A British government spokesperson insisted that the Porton Down assessment was “only part of the intelligence picture”. He continued: “As the Prime Minister has set out in a number of statements to the Commons since 12 March, this includes our knowledge that within the past decade, Russia has investigated ways of delivering nerve agents probably for assassination and as part of this programme has produced and stockpiled small quantities of novichoks, Russia’s record of conducting state-sponsored assassinations and our assessment that Russia views former intelligence officers as targets.

“It is our assessment that Russia was responsible for this brazen and reckless act and, as the international community agrees, there is no other plausible explanation.”

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Twenty-nine countries and Nato carried out a mass expulsion of almost 150 Russians working under diplomatic credentials after Britain provided information that pointed to Vladimir Putin’s government as responsible for Salisbury attack.

“Unprecedented levels of intelligence” had been divulged to convince these states, said senior government officials, including conclusions of Porton Down and an explanation of how this was obtained.

However, in addition, highly classified information, which is normally shared only between the “Five Eyes” countries – the UK, the US, Australia, New Zealand and Canada – was supplied to close allies with the national security adviser, Sir Mark Sedwill, taking it to the European Union and the North Atlantic Council. Other countries were given differing levels of intelligence.

The development came as a former Russian general warned the response to the Salisbury the attack could trigger “the last war in the history of mankind”.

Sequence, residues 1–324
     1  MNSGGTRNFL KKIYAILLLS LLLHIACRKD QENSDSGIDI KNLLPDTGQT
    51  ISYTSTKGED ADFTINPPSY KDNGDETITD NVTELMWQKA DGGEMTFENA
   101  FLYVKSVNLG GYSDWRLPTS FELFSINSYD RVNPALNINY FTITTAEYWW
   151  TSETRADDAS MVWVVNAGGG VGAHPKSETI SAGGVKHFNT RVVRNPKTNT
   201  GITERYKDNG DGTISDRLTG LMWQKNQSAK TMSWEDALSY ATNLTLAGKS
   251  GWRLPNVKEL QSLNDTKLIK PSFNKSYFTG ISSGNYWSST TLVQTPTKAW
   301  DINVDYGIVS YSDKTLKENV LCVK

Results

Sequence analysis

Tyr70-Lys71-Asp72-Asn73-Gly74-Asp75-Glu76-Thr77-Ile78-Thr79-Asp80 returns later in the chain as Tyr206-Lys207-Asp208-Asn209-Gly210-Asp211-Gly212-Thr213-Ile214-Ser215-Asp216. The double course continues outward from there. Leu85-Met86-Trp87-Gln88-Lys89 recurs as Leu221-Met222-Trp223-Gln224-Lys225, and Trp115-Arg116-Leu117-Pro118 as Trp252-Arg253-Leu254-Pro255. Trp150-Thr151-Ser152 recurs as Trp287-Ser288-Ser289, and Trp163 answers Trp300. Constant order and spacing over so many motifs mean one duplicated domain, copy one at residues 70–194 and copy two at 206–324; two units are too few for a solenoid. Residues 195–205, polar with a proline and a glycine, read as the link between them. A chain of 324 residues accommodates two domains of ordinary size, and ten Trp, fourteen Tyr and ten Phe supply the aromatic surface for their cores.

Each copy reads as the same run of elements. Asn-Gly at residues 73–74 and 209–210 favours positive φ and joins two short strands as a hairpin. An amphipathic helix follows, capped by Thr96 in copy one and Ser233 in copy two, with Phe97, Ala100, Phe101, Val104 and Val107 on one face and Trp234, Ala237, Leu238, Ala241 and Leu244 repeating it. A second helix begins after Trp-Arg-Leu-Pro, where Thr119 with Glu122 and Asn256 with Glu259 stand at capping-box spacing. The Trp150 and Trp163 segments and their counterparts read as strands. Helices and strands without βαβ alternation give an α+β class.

Speaking on BBC Radio 4’s Today programme, Evgeny Buzhinsky said the West was “cornering Russia and to corner Russia is a very dangerous thing”.

He added: “If the situation develops in the way it is now, it will end up in a very bad outcome.”

Reuse content

Salisbury attack: Russia challenges UK to prove it was behind spy poisoning by presenting evidence in The Hague
The Independent
Salisbury nerve agent attack: Britain divulged ‘unprecedented levels of intelligence’ to convince other countries that Russia carried out attack
The Independent
Soviet-era scientists appear to contradict Moscow’s claims that Russia never made Novichok nerve agent
The Independent
Porton Down can not verify source of Salisbury nerve agent
Press Association
Porton Down could not verify source of Salisbury nerve agent
Press Association

This article originally appeared on HuffPost: DOJ slaps quotas on immigration judges to speed deportations AOL.COM

DOJ slaps quotas on immigration judges to speed deportations

The Justice Department will rate the performance of its immigration judges based on how many cases they complete in a push to reduce a backlog clogged with deportation arrests.

Beginning Oct. 1, immigration judges will be required to process a minimum of 700 cases annually in order to receive a top rating of satisfactory, according to a memo first obtained by The Wall Street Journal. A satisfactory rating also requires judges to complete 85 percent of removal cases within three days of a merit hearing.

The quota amounts to completing three cases per day, DOJ spokesman Devin O’Malley told The Washington Post, “so it’s not that big of a lift.” Judges have handled an average of 678 cases per year over the past five years, he said.

“The purpose of implementing these metrics is to encourage efficient and effective case management while preserving immigration judge discretion and due process,” James McHenry, director of the Executive Office for Immigration Review, wrote in an email to judges on Friday.

Related: Faces of immigration crackdown

The Justice Department, which oversees immigration courts, floated judicial performance metrics in an immigration reform package in October as a way to help reduce the backlog of immigration cases, which has ballooned to more than 600,000 under the Trump administration’s increased deportation arrests. DOJ announced in November it would hire new judges, enhance technology and encourage judges to complete more cases.

Attorney General Jeff Sessions has imposed other measures to trim the backlog, including elimination of a provision that awards asylum seekers a full hearing before a judge.

Some judges affected by the new quotas noted that the emphasis on quantity over quality could damage the system.